Susan Maushart
Wifework: What Marriage Really Means for Women
July 03, 2019 Comments.. 809
Wifework What Marriage Really Means for Women Wifework is a fiercely argued in depth look at the inequitable division of labor between husbands and wives Bolstering her own personal experience as a twice married mother of three with substantial

  • Title: Wifework: What Marriage Really Means for Women
  • Author: Susan Maushart
  • ISBN: 9781582342764
  • Page: 204
  • Format: Paperback
  • Wifework is a fiercely argued, in depth look at the inequitable division of labor between husbands and wives Bolstering her own personal experience as a twice married mother of three with substantial research and broad statistical evidence, Susan Maushart explores the theoretical and evolutionary reasons behind marriage inequality She forces us to consider why 50 per cenWifework is a fiercely argued, in depth look at the inequitable division of labor between husbands and wives Bolstering her own personal experience as a twice married mother of three with substantial research and broad statistical evidence, Susan Maushart explores the theoretical and evolutionary reasons behind marriage inequality She forces us to consider why 50 per cent of marriages end in divorce, and why women are responsible for initiating three quarters of them If family life is worth saving, and Maushart passionately believes it is, the job description for wives will have to be rewritten.Susan Maushart was born in New York and has lived in Australia since 1985 Her first book, Sort of a Place Like Home, won a Festival Award for Literature at the Adelaide Festival in 1994, and her second, The Mask of Motherhood, was published to international acclaim She is a senior research associate at Curtin University, a columnist for the Australian Magazine and lives in Perth with her three children An often funny dissection of modern marriage100 percent honest A smart and witty book Publishers Weekly With good hud aplomb, Maushart makes clear she doesn t think marriage or men are rotten , but that the way we typically divide up the business and the pleasure, too of our adult relationships is inefficient, maladaptive, and unfair Bookpage Maushart assembles an overwhelming amount of data documenting how marriage has perpetuated inequities between husband and wife Christian Science Monitor Daily Susan Maushart s heartfelt and incendiary Wifework is a brief against traditional marriage that took me back to the galvanizing effect of reading Friedan Salon A wake up call for women feeling trapped by marriage Booklist

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      204 Susan Maushart
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    1 Blog on “Wifework: What Marriage Really Means for Women

    1. Sharon says:

      I did not get into this book, I could not feel the desire to read it. I agree with a lot of what she is saying, but I just did not like the way the book just kept going on like a long complaint about men and how women getting married will ruin our lives.Society is structured the way it is, and it is up to the individual to change it if so desired. Every marriage is a individual thing, known only by the individuals involved within. If they are happy with their lot, then they should be left in pea [...]

    2. Munazza says:

      Maushart has some great insights, and the book is definitely engaging to the very end. I was particularly struck by the observation that the joint enterprise of marriage is seen by a majority of both men and women as the wife's problem; the husband is just a volunteer. This idea is perfectly illustrated by the following exchange in Chapter 15:"'From now on,' my friend Jane announced to her husband recently, "I'm going to be available to help you with the housework and cooking any time you feel y [...]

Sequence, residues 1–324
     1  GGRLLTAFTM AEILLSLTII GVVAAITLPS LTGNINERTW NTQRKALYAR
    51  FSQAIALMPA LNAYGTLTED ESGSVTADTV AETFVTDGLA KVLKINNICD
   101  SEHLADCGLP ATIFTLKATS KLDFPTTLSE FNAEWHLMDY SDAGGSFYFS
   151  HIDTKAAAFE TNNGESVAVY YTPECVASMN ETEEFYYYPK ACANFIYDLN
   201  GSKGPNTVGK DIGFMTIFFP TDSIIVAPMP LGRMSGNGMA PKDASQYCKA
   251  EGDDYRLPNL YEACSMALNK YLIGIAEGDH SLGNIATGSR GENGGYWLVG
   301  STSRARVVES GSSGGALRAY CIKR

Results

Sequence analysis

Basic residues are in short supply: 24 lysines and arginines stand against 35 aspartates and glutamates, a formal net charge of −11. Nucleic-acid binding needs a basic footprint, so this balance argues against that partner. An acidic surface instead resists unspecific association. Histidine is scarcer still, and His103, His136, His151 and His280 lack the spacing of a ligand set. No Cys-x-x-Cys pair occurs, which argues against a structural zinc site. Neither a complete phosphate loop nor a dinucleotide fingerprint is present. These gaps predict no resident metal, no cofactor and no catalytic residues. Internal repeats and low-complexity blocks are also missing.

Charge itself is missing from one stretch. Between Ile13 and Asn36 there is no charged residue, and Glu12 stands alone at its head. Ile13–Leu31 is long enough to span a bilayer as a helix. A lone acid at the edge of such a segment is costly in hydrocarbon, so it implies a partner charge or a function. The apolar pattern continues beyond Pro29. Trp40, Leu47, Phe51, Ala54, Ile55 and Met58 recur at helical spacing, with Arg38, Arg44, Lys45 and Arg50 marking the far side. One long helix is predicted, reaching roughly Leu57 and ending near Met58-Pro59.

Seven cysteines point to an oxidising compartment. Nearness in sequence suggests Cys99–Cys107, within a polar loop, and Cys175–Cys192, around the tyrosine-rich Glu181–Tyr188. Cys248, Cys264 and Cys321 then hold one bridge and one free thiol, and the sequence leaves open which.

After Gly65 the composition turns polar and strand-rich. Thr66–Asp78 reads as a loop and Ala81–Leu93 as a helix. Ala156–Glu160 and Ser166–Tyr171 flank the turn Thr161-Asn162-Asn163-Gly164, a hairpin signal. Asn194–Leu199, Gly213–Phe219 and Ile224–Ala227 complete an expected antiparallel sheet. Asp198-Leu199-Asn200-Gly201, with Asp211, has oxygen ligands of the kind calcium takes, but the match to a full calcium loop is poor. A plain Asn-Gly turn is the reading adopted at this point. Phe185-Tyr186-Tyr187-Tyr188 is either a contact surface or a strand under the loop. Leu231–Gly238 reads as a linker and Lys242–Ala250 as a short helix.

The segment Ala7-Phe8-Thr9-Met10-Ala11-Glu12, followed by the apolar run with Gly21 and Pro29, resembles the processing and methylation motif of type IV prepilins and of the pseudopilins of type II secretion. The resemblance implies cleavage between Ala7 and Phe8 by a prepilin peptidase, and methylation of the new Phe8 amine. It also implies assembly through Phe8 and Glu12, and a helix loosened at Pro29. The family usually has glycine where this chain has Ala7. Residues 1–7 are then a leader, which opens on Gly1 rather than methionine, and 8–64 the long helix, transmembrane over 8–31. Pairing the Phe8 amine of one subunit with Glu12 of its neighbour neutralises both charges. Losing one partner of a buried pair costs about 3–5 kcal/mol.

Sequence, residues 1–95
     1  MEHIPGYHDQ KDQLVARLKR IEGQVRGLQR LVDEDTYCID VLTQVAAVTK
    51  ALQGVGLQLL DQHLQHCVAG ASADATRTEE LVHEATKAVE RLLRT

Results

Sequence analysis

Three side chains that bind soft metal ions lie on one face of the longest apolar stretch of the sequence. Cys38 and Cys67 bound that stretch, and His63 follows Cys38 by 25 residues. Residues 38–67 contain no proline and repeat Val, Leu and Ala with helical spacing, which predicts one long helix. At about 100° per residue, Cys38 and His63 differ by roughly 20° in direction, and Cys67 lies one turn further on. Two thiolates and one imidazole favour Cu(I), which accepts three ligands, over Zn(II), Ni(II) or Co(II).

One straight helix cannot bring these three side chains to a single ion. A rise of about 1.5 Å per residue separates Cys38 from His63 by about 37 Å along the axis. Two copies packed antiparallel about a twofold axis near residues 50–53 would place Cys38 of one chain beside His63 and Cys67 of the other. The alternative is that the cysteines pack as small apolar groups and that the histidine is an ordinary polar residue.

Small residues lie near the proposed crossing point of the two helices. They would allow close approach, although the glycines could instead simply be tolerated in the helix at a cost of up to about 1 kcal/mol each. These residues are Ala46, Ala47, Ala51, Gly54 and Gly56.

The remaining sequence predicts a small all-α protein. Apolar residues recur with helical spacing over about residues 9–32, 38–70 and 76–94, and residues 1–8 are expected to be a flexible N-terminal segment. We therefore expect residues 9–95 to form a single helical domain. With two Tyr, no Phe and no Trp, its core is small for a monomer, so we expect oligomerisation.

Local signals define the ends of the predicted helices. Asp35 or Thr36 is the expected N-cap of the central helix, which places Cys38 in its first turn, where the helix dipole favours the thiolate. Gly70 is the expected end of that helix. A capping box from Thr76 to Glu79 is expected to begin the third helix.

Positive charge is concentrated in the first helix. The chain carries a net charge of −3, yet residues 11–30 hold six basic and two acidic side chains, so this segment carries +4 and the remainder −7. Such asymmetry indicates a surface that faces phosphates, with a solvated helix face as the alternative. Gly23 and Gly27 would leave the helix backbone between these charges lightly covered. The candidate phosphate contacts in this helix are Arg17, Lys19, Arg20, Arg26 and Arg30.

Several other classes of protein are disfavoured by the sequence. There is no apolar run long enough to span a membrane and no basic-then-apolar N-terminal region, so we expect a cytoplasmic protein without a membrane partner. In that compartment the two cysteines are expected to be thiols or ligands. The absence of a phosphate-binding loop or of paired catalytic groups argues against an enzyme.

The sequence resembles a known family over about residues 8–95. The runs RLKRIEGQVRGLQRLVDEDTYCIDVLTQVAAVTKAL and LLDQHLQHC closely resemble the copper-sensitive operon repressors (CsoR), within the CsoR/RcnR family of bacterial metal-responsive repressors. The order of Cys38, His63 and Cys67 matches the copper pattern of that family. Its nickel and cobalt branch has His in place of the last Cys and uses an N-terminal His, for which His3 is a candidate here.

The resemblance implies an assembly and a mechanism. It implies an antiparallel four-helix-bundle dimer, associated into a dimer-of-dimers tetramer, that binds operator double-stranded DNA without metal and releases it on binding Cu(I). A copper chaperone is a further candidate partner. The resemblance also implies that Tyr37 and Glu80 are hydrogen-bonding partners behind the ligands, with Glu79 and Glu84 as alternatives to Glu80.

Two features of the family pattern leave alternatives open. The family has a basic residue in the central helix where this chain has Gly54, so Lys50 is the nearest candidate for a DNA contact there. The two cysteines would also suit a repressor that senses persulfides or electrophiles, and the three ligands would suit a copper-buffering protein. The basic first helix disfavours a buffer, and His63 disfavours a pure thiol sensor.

3. Sandra says:

      I'll warn you right now, if you read this book and have a (male) partner then you're going to get angry. The first time I read this I was in the process of moving in with my now ex. I had barely reached chapter three when the fights started. Susan Maushart absolutely NAILS what marriage means for women, and not all of it is good. Susan isn't, I should point out, adverse to men. Far from it, and its her study of the institution written from the trenches that makes this all the more fascinating. I [...]

    4. Erin says:

      Depressing, yet thought-provoking. Makes you think about your expectations and adjusting them accordingly.

    5. Meredith says:

      Reading this book has convinced me that I am the domestically inept husband and Mr. Mere is the wife. Our relationship is, on almost every level, the exact opposite of the prototypical, traditional marriage set forth in this book. To quote one of the would-be nannies from Mrs. Doubtfire, "I don't do laundry, I don't do windows, I don't do carpets, I don't do bathtubs, I don't do toilets, I don't do diapers . . . I don't do washing, I don't do basements, I don't do dinners, and I don't do reading [...]

    6. Frangipani says:

      That men really truly are a bunch of lazy Yep, I'm not the only one out there that feels like I do 150%!!!! Deal with it, get on with life, accept that women care more and do more, and make time for yourself. Stop doing the martyr/nagging thing, it's pointless. Men's listening ears aren't turned on unless you are some sort of live television broadcast involving sport or scantily clad women.

    7. Ainsley says:

      Five stars for making excellent points about the inequities of many (modern) marriages; two stars removed for (often unsupported) generalizations about "nearly all women" and "most marriages".

    8. Shonna Froebel says:

      Interesting.Made me look harder at my actions and reactions.Don't know that I will actually change anything, but I'll understand why and be more self-aware.

    9. nks says:

      Marriage is associated with good mental health status in men, and negative mental health status in women. Fuuuuck. And yet it's no surprise, and I would guess that any woman who has ever been married would find herself in these pages. (Though I suspect very few men would recognize the world described, if the stats are correct.)A very interesting, if depressing, exploration of the gender inequalities that appear in a heterosexual marriage backed by a lot of research and statistical evidence. FYI [...]